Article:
RESULTS: No statistically significant difference between the groups were found on the primary outcome, walking speed (mean difference 0.04 m/s, 95% CI - 0.01-0.09, p = 0.132). Statistically significant between-group differences in favour of intervention were found on FSST (dynamic balance) (mean difference - 0.80 s, 95% CI - 1.57 to - 0.02, p = 0.044), arm curl (mean difference 1.55, 95% CI 0.49-2.61, p = 0.005) and 30-s STS (mean difference 1.85, 95% CI 1.04-2.67, p < 0.001), as well as fear of falling (mean difference - 1.45, 95% CI - 2.64 to - 0.26, p = 0.018). No statistically significant differences between the groups were found on health-related quality of life.
CONCLUSION: Twelve weeks of a supervised multicomponent resistance and balance exercise programme improves muscle strength and balance and reduces fear of falling, in women with osteoporosis and a history of vertebral fractures. TRIAL REGISTRATION: ClincialTrials.gov Identifier: NCT02781974. Registered 25.05.16. Retrospectively registered.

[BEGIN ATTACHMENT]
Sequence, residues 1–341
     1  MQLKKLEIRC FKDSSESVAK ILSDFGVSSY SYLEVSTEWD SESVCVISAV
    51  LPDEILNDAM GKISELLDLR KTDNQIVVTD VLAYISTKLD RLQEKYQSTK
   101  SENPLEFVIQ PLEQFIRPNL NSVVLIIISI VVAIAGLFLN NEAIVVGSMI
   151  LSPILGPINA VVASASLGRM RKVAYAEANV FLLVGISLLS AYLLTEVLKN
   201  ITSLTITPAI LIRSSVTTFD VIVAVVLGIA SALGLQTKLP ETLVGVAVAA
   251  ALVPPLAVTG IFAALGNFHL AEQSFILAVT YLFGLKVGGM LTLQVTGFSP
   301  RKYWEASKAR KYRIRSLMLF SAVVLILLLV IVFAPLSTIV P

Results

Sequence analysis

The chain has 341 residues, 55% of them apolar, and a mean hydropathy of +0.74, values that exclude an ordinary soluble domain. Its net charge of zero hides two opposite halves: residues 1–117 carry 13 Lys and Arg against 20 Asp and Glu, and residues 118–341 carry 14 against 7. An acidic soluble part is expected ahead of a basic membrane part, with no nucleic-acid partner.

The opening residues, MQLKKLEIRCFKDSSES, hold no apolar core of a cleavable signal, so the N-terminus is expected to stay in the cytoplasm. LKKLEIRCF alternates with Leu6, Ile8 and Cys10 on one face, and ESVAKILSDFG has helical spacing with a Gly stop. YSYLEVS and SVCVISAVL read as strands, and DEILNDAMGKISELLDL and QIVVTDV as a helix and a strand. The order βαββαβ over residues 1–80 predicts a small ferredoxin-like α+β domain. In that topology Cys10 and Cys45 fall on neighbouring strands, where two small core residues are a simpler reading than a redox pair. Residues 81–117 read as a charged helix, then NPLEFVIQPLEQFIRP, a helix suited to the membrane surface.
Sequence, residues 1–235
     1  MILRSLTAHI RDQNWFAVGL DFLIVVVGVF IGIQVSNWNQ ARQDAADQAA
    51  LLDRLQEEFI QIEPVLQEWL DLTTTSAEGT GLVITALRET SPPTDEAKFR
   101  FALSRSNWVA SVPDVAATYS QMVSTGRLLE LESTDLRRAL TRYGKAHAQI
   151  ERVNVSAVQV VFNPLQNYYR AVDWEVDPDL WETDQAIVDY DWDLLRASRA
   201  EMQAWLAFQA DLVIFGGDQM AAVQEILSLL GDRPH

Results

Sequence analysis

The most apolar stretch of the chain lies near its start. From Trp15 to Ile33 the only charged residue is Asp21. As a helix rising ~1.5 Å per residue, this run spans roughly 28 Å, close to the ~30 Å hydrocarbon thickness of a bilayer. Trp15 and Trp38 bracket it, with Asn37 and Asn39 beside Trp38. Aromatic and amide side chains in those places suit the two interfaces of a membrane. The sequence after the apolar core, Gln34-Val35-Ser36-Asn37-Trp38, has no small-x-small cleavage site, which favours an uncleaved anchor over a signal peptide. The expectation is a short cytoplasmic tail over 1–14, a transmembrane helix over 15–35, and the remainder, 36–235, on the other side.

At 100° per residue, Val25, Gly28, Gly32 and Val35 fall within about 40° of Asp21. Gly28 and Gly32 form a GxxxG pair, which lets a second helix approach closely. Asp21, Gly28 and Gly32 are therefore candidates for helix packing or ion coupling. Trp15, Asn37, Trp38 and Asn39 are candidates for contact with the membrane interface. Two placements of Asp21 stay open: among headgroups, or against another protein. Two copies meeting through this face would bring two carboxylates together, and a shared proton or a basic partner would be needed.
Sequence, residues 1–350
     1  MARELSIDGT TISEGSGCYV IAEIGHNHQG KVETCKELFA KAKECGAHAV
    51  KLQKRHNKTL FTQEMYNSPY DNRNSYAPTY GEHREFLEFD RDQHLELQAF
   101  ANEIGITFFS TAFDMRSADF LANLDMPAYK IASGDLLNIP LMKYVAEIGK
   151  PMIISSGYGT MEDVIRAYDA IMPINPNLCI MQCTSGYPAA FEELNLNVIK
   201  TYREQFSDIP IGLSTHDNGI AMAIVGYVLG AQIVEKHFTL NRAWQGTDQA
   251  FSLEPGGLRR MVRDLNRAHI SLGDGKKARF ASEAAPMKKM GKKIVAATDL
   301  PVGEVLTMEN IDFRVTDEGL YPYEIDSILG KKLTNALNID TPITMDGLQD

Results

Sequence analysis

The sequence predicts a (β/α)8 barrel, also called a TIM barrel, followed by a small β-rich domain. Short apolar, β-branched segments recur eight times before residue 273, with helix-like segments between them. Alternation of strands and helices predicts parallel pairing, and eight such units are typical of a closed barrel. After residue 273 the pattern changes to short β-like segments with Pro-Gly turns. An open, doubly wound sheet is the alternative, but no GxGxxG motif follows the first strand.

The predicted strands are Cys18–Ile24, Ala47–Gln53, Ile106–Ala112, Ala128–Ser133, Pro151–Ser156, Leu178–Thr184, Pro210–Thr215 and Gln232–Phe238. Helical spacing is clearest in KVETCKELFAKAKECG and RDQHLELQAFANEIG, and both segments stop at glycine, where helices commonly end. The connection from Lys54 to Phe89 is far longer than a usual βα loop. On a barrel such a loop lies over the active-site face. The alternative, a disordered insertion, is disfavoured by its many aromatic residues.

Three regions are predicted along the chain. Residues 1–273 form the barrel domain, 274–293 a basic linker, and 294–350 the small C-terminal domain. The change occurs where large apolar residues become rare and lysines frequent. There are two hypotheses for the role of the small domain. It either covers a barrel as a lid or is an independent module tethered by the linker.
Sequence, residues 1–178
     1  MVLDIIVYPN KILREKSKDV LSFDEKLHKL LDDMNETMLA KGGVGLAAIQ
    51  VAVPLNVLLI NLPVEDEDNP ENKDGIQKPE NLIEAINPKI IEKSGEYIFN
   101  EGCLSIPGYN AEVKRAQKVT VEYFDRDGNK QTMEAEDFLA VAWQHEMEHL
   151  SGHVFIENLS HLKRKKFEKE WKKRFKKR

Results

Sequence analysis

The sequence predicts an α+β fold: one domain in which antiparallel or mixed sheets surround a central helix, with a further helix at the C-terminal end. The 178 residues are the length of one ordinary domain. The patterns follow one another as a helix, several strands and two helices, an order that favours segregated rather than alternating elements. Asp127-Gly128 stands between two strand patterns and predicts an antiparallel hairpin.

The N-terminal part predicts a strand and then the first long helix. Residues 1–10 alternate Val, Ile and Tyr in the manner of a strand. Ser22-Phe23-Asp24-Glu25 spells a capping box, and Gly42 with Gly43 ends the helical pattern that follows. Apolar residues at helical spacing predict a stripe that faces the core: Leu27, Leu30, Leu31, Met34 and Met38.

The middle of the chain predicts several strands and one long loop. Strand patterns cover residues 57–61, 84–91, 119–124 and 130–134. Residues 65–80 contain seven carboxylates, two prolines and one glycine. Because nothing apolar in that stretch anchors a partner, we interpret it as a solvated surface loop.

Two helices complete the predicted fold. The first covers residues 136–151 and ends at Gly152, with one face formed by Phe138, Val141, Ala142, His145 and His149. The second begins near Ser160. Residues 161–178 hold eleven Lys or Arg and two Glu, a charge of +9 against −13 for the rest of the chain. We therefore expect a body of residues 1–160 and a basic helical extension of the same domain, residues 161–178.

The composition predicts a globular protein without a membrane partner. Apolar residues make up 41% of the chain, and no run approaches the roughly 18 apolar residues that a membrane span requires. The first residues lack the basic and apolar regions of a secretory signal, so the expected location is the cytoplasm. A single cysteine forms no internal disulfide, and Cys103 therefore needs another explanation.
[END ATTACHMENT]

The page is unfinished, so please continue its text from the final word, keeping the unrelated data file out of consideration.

Exercise; Health-related quality of life; Osteoporosis; Physical fitness; Vertebral fracture
Evaluating the effects of an exercise program (Staying UpRight) for older adults in long-term care on rates of falls: study protocol for a randomised controlled trial
Taylor L, Parsons J, Taylor D, Binns E, Lord S, Edlin R, Rochester L, Del Din S, Klenk J, Buckley C, Cavadino A, Moyes SA, Kerse N. Trials 2020; 21(1): e46.
The University of Auckland, Faculty of Medical and Health Sciences, Auckland, New Zealand.
(Copyright © 2020, Holtzbrinck Springer Nature Publishing Group – BMC)
DOI 10.1186/s13063-019-3949-4 PMID 31915043
BACKGROUND: Falls are two to four times more frequent amongst older adults living in long-term care (LTC) than community-dwelling older adults and have deleterious consequences. It is hypothesised that a progressive exercise program targeting balance and strength will reduce fall rates when compared to a seated exercise program and do so cost effectively.